Angelique (Angel) Bovee began her competitive martial arts career in high school but it wasn’t until she picked up the gloves after college that she became enamored with the power, speed, and grace of Olympic boxing. Taking her newly found love on the road, she set her sights on competing in the 2004 Olympic Games, which were widely expected to be the first Olympics to include women’s boxing. In 2000, Angel won her first national title by winning the gold at the U.S. National Golden Gloves in Augusta, GA. In 2001, she won gold again and was crowned the U.S. light-middleweight Champion being ranked #1 in the US. In 2002, she was able to pull off another gold medal performance in a new weight class, being crowned the U.S. light-welterweight Champion.
Angel was one of only six athletes in the country to represent Team USA at the first two World Championships ever contested for female boxers. She went on to win multiple national titles and was ranked #8 in the world, showcasing her talent from Istanbul to Madison Square Garden. The focus of Angel’s competitive career drastically changed when she reached the mandatory retirement age for Olympic boxers without having realized her Olympic dream simply because she is female. Taking her fight outside the ring, Angel’s new mission was to work to ensure that no other female boxer would be denied their Olympic dream simply because of their gender.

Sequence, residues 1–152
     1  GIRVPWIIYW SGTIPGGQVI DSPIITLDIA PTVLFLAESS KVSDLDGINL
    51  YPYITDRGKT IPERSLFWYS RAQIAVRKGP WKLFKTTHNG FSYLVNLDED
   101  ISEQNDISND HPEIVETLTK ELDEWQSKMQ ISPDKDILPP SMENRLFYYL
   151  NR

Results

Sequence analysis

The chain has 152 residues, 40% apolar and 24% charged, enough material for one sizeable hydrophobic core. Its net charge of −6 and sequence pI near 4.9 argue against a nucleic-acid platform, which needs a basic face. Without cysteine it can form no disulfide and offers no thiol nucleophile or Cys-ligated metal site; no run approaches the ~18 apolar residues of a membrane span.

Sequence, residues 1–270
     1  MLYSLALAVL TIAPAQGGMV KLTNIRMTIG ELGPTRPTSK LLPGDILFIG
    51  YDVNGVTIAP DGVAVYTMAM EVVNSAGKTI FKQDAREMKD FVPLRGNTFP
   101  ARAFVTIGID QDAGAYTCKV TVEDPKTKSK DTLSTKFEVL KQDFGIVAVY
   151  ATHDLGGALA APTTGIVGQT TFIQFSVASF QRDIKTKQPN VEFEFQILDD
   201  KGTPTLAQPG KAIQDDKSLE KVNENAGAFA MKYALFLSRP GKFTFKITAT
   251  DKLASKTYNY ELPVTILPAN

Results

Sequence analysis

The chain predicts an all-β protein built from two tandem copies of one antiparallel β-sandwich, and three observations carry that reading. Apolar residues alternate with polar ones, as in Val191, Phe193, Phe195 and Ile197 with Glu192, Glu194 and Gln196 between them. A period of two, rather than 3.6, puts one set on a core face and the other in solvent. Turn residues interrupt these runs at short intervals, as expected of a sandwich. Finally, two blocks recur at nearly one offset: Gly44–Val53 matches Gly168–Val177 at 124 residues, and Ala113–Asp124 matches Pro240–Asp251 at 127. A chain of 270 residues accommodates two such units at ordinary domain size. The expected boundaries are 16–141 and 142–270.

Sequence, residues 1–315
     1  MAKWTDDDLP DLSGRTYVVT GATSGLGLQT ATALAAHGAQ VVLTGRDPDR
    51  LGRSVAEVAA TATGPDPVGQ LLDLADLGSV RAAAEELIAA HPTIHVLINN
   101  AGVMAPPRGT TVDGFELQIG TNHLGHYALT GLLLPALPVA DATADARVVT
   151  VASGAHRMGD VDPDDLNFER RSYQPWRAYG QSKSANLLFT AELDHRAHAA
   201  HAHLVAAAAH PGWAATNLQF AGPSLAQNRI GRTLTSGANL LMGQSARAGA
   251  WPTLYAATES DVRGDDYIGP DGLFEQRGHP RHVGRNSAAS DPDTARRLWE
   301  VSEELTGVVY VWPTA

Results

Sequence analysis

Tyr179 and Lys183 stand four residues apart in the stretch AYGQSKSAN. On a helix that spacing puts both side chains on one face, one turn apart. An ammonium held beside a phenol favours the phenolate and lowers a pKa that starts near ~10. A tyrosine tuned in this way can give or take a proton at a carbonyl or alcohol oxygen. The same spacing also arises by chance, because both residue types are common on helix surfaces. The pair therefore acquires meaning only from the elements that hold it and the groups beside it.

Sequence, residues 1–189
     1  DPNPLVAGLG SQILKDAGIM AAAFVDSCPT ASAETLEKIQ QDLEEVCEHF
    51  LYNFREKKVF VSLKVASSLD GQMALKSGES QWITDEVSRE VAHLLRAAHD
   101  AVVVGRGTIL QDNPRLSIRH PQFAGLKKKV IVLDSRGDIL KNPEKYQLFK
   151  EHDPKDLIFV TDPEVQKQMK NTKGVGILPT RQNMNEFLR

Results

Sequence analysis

In 2006, she was elected as the only female member on the USA Boxing Board of Directors, also serving as the Chair of the USAB Athlete Advisory Council where she fought tirelessly for equal respect, training resources, media exposure, and Olympic inclusion for female boxers. Through the work of many pioneering advocates, women’s boxing finally made its debut at the London 2012 Olympic Games, making London the first Olympic Games in history to have men and women represented in all sports. Angel was ringside to complete a personal journey and witness the first U.S. female boxer, 17-year-old Clarissa Shields take home the gold.
Upon retirement, Angel received the Diversity scholarship from the SUNY system and completed a master’s degree in Recreation Management. Her thesis was on the constraints and facilitators facing U.S. elite female boxers in their quest for Olympic Gold. In August of 2011, she was hired by the Adecco Group and the U.S. Olympic Committee to be a Career Coach for the Athlete Career and Education (ACE) program, an initiative that supports Olympic and Paralympic athletes by providing career services and job placement assistance during and after their athletic careers to assist in a smoother transition from the field of play to their next professional endeavor. In 2017, Angel was voted to serve on the International Olympic Committee’s (IOC) Athlete Career Program Steering Committee to help provide guidance and best practices to the global program.
As an out LGBT athlete and advocate for her entire career, Angel Bovee has been invited to speak for various community groups and her message is one of risk-taking, resiliency, and redefinition as her fight in and out of the ring has been an incredible journey of life lessons.